You’re fired! Donald Trump told director of FBI James Comey. Why? Because Comey smelled something fishy between Trump and Russia. So, he had to be let go. With a devil-may-care attitude, the next day, Trump cosied up to Russian Foreign Minister Sergey Lavrov and his top spy-cum-ambassador, Sergey Kislyak, at the White House.
Earlier, inside the State Department, when the press sought the visiting foreign minister’s comment on Comey’s sacking, Lavrov feigned ignorance and joked: “Was he fired? You’re kidding.” In Moscow, President Vladimir Putin sneered while dryly praising Trump’s move. Americans were mocked by their No 1 enemy, courtesy their president. As media shot the breeze with Nixonian comparison, of an under siege president Richard Nixon who fired Archibald Cox, the special prosecutor, investigating him in the Watergate scandal, Trump met with a fossilised Henry Kissinger, Nixon’s secretary of state, before the White House press corps.
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Counsellor Kellyanne Conway, nicknamed the ‘wicked witch of the West Wing’, and other mouthpieces insisted that Comey’s removal came at the hands of the assistant attorney general and not Trump. These poor hapless souls were handed down a script by Trump to crow before their audiences, only to be contradicted later by himself who said he wanted Comey out. Political pundits wrung their hands fearing that “America was in a constitutional crisis.”
Watching Trump go ballistic, reminds me of March 9, 2007 when another ruler acted so: the army chief and President, Pervez Musharraf. He sacked the Chief Justice of Pakistan, Iftikhar Chaudhry, on the ‘advice’ of Prime Minister Shaukat Aziz. That was baloney. The president wanted the ‘meddlesome’ judge out of his way. A long hot summer followed with lawyers up in arms (literally) for Chaudhry’s restoration. Four months later, Chaudhry was back only to be arrested when Musharraf declared a state of emergency in November. He also suspended 60 judges who refused to take the oath of allegiance. A month later the emergency was lifted. Enter Benazir Bhutto in the fray, only to be assassinated on December 27th. Next year, her party with her widower at the helm swept the 2008 general elections. Asif Zardari forced Musharraf out via threats of impeachment and became the unchallenged king of Pakistan with his spineless courtiers bowing before him.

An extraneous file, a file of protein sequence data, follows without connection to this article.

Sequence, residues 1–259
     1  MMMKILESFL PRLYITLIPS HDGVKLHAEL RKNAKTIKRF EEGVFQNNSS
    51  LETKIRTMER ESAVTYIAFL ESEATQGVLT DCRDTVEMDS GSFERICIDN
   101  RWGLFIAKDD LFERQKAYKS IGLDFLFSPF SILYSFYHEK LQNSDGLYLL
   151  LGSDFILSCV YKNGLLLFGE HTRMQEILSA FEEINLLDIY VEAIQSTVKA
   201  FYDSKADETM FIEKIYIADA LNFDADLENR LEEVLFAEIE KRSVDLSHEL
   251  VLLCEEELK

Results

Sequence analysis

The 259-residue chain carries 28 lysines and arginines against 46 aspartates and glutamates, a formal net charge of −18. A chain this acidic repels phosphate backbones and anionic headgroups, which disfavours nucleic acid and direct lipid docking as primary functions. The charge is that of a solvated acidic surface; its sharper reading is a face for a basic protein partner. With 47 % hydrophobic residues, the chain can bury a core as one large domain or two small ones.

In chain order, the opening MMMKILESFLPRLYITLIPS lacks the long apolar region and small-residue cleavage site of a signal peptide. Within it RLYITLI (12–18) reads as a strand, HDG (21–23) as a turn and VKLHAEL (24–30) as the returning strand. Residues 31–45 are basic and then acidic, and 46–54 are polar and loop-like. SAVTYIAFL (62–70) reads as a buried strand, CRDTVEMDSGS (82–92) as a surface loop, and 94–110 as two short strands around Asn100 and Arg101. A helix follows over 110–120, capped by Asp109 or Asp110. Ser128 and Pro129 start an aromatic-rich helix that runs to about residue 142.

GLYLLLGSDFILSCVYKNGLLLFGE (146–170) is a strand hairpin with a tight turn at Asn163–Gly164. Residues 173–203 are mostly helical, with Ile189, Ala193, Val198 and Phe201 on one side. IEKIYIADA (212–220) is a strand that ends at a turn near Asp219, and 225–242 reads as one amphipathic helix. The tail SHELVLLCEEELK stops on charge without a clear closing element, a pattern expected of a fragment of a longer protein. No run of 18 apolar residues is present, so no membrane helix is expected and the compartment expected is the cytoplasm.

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Today, Trump is America’s unchallenged king with the Republican Party doing his bidding, while he appears to be following the Russians’ bidding. Remember how the army, bureaucracy and political parties like the MQM and the PML-Q sold their souls to the dictator Musharraf? The Republican Party has pawned its future for Trump. Muffled murmurs of impeachment among Trump’s opponents may well get louder if an independent commission discovers an unholy alliance between Trump and Russia.
But America is not Pakistan where the law bends towards the influential and wealthy. In America, the law doesn’t spare offenders, including the president. Nixon had to quit when two investigative reporters of The Washington Post linked the president’s role in bugging the Democratic National Committee situated inside the Watergate Hotel in Washington. Another president narrowly escaped impeachment when he had an affair with a White House intern Monica Lewinsky but lied about it. Bill Clinton’s humiliating fall from grace haunts him till date. Trump, too, is terrified of reporters who expose his daily tranche of lies and fabrications on their front pages. He denigrates their reporting as ‘fake news’. What is it that the American president is hiding? Is it the fear of being exposed? Lest we forget, there exists a damaging dossier circulating in cyberspace compiled by a former British intelligence officer. It shows Russia allegedly holding compromising information on Trump, including a sex tape of a hotel room in Moscow where he stayed. In the end, he may take America down with him.
Published in The Express Tribune, May 14th, 2017.